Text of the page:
I keep hearing myself say “You do you and I’ll do me.” in my head.

It comes down to mutual respect of each other and the freedom to be yourself, even if yourself is not the person they like to hang out with. Having strong personal boundaries is what protects you from folks that might not have your best interest at heart. That doesn’t make them an enemy. It makes them someone you might avoid making constant contact with.

I want to learn how to stop taking things personally.

What kind of work is that going to entail?

I guess the first thing I will need to do is to question my beliefs. My counselor asked me to do this last year and I was resistant to even try it. More to the point, I had no idea what she meant or which beliefs she wanted me to question. Okay, I admit I did know what she was asking me to do, but shining a light on your own core being takes some guts and I’m not sure I could have done this last year.

When the word “belief” comes into my mind I immediately think of religion, but that’s not what this means. These are beliefs I have about myself and about other people.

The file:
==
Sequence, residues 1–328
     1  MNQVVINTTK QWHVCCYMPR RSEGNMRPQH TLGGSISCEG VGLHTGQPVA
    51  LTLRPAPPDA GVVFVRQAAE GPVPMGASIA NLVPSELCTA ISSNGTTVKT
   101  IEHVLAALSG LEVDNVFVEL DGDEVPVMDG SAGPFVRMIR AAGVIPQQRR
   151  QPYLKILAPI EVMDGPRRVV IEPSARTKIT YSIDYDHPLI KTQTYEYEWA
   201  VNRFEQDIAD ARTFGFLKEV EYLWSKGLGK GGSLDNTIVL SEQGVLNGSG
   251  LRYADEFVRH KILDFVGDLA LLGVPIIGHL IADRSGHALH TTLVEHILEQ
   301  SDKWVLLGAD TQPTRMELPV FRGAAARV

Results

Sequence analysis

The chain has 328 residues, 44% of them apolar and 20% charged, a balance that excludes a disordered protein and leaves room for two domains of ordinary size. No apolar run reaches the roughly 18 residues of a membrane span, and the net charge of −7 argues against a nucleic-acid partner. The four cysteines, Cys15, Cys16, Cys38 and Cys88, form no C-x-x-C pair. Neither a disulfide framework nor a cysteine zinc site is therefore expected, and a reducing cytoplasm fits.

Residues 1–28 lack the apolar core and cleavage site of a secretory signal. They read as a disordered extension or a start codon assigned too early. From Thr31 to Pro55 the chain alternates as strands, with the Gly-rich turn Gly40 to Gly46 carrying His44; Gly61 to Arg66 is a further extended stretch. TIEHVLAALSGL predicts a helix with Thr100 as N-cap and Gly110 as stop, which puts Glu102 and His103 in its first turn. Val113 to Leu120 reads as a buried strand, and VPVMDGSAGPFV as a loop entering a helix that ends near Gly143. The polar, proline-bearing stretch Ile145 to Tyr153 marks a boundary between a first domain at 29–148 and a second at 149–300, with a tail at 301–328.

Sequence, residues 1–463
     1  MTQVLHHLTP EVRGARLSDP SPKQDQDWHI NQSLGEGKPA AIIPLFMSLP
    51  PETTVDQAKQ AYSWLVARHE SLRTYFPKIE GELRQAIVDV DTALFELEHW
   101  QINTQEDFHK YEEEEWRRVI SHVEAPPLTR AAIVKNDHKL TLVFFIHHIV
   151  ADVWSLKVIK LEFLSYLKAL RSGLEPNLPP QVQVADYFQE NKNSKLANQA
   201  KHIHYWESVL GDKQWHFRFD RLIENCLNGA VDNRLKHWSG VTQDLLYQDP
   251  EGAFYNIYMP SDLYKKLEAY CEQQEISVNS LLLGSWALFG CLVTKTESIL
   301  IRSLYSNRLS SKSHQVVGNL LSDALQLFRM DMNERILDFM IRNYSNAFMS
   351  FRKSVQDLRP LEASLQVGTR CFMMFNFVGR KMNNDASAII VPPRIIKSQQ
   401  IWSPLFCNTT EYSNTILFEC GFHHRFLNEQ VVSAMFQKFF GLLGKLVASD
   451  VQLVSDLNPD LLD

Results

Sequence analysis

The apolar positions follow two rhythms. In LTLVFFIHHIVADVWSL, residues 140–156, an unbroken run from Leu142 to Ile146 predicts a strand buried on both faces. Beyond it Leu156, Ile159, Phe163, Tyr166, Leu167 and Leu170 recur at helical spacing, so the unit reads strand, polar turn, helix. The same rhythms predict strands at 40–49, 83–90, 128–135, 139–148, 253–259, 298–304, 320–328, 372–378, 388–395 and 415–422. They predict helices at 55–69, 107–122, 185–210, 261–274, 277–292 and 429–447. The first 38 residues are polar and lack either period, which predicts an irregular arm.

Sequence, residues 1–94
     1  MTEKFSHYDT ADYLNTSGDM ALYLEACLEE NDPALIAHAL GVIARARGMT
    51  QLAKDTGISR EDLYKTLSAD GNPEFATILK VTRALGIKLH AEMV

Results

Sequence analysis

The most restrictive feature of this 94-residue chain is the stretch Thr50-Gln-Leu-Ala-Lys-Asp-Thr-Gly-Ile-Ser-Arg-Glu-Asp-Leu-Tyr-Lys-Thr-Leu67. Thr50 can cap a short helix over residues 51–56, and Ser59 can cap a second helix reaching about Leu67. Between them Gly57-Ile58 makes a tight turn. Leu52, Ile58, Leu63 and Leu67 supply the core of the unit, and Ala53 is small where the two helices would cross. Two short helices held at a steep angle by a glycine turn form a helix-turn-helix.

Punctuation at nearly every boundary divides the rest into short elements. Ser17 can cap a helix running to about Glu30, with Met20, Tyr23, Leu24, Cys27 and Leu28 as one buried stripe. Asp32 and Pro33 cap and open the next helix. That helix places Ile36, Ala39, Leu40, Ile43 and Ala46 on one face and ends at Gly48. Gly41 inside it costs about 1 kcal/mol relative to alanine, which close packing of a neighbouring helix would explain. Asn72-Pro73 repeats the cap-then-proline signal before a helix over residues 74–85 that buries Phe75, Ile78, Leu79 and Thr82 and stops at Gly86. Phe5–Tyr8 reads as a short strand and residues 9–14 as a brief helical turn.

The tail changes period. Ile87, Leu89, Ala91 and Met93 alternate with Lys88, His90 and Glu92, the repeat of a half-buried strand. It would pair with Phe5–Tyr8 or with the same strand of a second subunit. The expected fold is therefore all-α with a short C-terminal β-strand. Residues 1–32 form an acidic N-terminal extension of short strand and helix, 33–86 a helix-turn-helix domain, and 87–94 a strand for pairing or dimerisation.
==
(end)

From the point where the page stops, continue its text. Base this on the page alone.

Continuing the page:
• What do I believe?

When you worry what other people think of you, you are giving away your super powers. You place your entire soul in their hands and stand back and expect them to take care of it with the same love and devotion that you have for your soul.

But seriously, how often does anyone care about you even half as much as you care about you? Even your own spouse will have issues with this kind of responsibility. You come into an intimate relationship raw with emotion and devotion, but carrying around the person’s soul and making sure it doesn’t get damaged, or worse, killed, is more of a burden. You want your spouse to carry themselves with the confidence you instill in them simply by loving them. You want them to stand tall and bask in the warm light of your loyalty and support. But being in charge of your everlasting soul is not part of the deal.

  •  If the reason you take things personally is because your confidence is lacking, then how do you build up your confidence?
  • Where does confidence come from?
  •  Am I giving away my power because I am not confident in the way I take care of myself?
  • Why would I ever trust someone else to tell me who I am?